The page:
Many people view getting a residential real estate that’s occupied by the owner as a smart and worthwhile type of investment. Realtors typically use this as part of their sales pitch. However, this is a fallacious point of view and it’s one of the beliefs that cause the asset price bubble that burst back in 2008. Houses aren’t a great investment in many circumstances mostly because of the difference between speculation and investment. To be more specific, when you invest on something, you do so with then expectations that you’ll get consistent and predictable cash flow out of it. Realty and home-owned real estate doesn’t work by those investment rules. This is more applicable to rental properties and bonds as well as savings account cash.
What Is The Difference?
* So what’s the difference between real estate investment and real estate speculation? Rental properties are considered good investments as long as there’s a monthly rental income that exceeds the cost of ownership.Otherwise, it becomes a financial sinkhole of sorts. Since the real estate bubble inflation, economic crisis, and slow economic recovery, few houses have been available for low prices. What’s more, since 1890, houses have appreciated in value at 0.7%.
* Meanwhile, speculation involves purchasing an asset to sell at a later date with the understanding that the property you bought (usually from repo sales or foreclosed properties) at a cheap price will have a much higher value in the future. You can speculate by selling something at first then buying later, which is also known as selling short (also related to the turn of phrase). Speculation realty is how Donald Trump made his billions, actually.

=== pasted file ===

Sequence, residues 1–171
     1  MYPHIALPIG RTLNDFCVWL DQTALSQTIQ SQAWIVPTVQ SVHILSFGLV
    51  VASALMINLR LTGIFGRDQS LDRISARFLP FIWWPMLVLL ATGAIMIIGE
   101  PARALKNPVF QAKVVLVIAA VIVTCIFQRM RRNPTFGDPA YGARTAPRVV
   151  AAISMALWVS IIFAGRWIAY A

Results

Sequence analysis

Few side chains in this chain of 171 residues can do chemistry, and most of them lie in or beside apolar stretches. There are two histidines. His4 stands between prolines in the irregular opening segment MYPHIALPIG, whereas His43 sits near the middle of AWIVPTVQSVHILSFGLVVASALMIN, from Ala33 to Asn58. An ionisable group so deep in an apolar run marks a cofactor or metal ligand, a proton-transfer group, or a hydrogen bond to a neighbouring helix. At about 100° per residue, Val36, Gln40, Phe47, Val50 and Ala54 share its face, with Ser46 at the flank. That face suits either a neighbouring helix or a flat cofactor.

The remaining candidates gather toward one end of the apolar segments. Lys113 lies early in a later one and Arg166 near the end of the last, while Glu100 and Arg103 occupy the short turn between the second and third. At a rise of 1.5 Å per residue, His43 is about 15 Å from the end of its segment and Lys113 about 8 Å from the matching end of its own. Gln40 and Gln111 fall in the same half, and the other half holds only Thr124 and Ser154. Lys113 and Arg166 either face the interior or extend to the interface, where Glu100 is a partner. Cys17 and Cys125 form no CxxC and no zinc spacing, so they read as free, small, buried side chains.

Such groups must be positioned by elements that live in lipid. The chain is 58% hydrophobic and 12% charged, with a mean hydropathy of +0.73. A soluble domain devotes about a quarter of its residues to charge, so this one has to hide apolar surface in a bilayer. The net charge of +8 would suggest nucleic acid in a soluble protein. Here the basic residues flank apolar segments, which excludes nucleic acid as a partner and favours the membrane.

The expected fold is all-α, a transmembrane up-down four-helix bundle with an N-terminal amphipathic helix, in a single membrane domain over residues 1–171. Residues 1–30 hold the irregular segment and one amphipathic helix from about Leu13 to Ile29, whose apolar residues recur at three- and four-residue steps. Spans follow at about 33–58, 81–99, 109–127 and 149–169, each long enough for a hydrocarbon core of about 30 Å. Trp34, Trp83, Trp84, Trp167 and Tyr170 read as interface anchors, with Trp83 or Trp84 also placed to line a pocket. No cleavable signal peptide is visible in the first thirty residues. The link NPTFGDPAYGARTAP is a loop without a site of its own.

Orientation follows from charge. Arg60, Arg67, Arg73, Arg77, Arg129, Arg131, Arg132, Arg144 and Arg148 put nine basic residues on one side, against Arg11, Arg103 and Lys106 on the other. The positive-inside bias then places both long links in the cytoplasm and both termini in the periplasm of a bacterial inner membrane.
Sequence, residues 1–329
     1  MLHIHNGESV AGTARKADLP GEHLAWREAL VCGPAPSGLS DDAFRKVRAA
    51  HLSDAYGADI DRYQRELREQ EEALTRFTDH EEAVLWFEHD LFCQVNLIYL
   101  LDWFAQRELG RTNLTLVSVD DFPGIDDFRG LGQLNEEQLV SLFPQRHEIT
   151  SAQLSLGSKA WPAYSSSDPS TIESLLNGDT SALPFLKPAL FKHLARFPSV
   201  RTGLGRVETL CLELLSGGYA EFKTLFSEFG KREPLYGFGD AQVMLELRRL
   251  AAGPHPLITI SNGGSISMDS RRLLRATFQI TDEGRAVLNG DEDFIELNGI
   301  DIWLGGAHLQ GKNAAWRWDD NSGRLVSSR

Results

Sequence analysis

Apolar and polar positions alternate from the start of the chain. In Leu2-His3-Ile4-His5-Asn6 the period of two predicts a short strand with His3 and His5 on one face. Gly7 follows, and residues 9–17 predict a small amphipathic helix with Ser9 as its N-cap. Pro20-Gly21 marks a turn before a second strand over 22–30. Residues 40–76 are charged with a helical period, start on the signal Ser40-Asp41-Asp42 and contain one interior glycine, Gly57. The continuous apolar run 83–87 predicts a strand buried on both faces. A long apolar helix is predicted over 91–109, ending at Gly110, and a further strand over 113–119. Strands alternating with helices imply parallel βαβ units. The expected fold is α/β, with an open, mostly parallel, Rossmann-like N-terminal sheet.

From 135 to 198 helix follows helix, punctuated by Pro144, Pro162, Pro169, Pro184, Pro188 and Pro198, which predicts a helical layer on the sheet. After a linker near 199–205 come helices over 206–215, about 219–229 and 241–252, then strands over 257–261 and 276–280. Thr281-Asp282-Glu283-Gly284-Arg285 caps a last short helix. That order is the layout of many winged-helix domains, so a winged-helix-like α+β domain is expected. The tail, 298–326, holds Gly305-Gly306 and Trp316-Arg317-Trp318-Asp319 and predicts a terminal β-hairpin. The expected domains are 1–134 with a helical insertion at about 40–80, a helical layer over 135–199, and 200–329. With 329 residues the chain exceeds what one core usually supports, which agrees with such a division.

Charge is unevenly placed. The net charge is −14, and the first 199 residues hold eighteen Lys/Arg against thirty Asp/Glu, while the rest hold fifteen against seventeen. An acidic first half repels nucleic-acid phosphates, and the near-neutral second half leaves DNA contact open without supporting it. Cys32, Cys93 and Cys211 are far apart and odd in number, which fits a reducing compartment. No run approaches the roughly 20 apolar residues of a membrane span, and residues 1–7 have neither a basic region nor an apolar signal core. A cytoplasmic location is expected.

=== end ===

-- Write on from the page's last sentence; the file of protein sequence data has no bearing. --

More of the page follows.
* Speculative assets are not valued through the basis of cash flow. It’s instead based from perceived chances of selling it later for potential profit. Properties can be bought at the right price as an investment, but most people are actually engaging with speculation based on the belief that their land can be sold for a profit at a later date compared to what they invested on it. It’s a fallacy to believe that any property held for a long time can result in profit when sold.